The Affirmation of the Negation

Der Standard (02/15/05)

Anton Gugg

Joshua Sobol’s "Eyewitness - The Case of Jägerstätter," playing at the Linzer Landestheater, puts the martyrdom of a resistance fighter into sober perspective: An impressive evening about the power of saying no.

Linz - On time for the national year of remembrance, the Linzer Landestheater places its finger on one of the open legal and moral wounds in the consciousness of the native republic. In the play, The Case of Jägerstätter, the failures of coming to terms with the so-called deserters of the Nazi regime is coming to the surface; failures and inconsistencies in post-war jurisdiction and in the church, and also contradictions in the so-called healthy feelings of the people.

Are the conscientious objectors of today and of tomorrow’s politics of injustice nothing other than criminals or, on the contrary, saints? The Israeli dramatist, Joshua Sobol, asked these highly unpleasant, almost heretical questions in his play, The Case of Jägerstätter, performing before the Palestinian background of his home country and now playing for the first time in Austria.

In the short, and in every respect, calm and sober version of the stage director, Christian Wittmann, and script advisor, Brigitte Heusinger, Sobol’s intention to create an anti-documentary "martyrologium" of sorts comes through very clearly. Nonetheless, the simple son of St. Radegrund, with all his human weaknesses, is judged as the holiest of purest waters but behaves, nonetheless, as none other than the preceding cohorts of the heavenly.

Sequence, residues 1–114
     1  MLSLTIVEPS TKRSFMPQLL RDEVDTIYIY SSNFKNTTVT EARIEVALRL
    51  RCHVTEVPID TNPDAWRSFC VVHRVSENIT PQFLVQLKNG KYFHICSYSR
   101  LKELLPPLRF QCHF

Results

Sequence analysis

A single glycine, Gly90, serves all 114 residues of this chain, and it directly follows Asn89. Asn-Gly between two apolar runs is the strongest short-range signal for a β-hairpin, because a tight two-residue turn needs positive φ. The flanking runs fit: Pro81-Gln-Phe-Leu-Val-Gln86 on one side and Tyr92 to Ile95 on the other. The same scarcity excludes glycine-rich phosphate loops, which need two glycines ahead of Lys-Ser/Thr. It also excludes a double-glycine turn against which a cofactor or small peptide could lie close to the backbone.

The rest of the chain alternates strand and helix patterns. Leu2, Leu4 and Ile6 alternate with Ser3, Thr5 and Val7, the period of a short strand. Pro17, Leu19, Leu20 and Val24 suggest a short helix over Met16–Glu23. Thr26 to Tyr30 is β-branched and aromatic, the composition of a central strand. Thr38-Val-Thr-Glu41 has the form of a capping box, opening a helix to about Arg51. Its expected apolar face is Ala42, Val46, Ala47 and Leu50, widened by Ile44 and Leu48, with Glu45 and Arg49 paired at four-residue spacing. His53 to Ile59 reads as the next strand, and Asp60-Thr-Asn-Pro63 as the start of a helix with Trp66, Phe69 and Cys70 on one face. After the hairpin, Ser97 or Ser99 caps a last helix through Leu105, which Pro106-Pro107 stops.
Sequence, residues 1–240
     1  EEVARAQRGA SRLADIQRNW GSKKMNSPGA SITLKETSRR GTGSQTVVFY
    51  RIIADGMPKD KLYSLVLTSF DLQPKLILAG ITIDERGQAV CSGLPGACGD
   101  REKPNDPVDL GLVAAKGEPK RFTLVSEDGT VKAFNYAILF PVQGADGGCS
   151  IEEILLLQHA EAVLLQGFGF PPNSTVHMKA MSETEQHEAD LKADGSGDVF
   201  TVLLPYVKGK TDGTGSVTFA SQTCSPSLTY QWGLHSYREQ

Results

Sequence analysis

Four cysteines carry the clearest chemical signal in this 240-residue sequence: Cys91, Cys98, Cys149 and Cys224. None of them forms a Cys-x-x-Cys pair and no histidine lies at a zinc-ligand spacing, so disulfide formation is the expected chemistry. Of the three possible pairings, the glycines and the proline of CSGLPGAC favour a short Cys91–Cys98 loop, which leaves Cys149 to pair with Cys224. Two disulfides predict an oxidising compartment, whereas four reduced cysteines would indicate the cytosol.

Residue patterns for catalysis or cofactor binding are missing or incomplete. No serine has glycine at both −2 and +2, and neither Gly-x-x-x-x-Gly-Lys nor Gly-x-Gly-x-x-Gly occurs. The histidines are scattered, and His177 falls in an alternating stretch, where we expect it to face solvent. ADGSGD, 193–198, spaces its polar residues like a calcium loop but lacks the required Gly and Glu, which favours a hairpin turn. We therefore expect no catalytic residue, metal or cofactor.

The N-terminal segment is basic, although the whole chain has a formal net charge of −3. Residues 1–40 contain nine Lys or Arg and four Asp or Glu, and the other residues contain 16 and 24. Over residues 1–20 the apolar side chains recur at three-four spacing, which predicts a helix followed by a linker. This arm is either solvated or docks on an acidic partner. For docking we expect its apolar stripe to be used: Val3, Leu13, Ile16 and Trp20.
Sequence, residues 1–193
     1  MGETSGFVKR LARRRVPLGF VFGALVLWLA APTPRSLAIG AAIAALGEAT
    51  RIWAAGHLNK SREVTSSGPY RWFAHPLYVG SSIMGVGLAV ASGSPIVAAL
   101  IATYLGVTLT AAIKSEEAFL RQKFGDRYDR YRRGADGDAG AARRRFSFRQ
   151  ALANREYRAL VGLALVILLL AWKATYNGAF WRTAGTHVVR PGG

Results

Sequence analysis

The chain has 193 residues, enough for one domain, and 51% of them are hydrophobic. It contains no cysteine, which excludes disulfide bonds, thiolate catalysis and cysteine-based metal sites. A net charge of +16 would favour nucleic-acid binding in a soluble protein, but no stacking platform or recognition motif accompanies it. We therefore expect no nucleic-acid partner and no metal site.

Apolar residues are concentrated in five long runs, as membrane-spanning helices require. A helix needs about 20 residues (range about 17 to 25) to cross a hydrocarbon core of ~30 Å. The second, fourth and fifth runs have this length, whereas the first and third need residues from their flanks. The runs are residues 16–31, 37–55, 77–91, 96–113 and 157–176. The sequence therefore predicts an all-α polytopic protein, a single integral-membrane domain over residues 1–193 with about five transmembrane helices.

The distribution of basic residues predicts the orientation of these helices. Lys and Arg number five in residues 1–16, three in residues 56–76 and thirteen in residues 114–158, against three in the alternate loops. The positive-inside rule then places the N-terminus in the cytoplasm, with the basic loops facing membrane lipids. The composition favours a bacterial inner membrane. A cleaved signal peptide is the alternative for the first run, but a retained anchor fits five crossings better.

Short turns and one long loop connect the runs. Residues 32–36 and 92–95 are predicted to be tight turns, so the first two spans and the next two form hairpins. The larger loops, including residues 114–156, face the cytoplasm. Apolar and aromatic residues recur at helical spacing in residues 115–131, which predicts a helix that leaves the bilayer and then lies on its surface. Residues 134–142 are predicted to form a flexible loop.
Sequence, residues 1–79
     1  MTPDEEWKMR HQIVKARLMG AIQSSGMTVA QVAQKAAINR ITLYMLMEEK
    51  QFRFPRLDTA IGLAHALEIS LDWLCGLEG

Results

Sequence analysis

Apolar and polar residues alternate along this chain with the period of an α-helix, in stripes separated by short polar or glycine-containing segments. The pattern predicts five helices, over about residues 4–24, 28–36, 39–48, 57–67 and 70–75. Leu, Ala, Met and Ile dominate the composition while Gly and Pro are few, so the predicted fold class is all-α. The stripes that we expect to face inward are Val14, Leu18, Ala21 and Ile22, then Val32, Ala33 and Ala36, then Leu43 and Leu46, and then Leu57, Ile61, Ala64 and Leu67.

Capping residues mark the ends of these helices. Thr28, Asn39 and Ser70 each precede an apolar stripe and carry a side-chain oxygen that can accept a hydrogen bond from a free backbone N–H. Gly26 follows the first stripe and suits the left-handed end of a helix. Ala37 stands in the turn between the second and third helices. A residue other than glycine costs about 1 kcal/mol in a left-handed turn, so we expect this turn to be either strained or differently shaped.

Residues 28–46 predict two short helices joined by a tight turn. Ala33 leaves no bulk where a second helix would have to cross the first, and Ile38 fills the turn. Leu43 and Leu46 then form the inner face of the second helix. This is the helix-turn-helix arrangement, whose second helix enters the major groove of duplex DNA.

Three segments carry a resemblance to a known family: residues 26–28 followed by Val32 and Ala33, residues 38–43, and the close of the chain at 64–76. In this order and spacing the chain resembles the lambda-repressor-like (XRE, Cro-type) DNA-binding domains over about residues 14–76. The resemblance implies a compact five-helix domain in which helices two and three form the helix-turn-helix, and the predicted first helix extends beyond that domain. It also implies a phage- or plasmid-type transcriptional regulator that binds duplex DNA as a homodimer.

He says "no" without consideration of himself or others. Like all the rest, he bears no tricks of the life saving self-betrayal at the altar of the worshipped, and be it only the symbolic gesture of putting on a uniform. Sobol uses simple and precise language to characterize the hero and his "being different" from everybody else. His Case of Jägerstätter has nothing to do with turning resistance into heroism or realistic contemporary theatre.

Franz Jägerstätter takes aback the people around him, as for example, a Catholic soul mate, because he, as a simple eyewitness from the countryside, has faith in his senses and is not willing to make the least amount of compromise with the unjust regime and their bloodhounds.

Disapproval of the Masses
Such radical figures always had to be eliminated and have always stirred up the disapproval of the pliable masses. Appearances of this kind become the trauma of all fraternities and brotherhoods, such as one can find also today in considerable numbers. The "no" to any kind of embrace makes for loneliness - and also that is what the Linzer performance demonstrates so impressively.

The actor Joachim Rathke and his imaginary quintet of threatening personalities involved with execution machinery move in a minimalistic cubic space out of neon bulbs.

Plays and productions such as this one oppress by insisting on the essentials - through an austerity which lets us forget the staging orgies at larger city theatres. The intended beatification of a "questionable" historical figure will show how strong the shadows of the past still are today.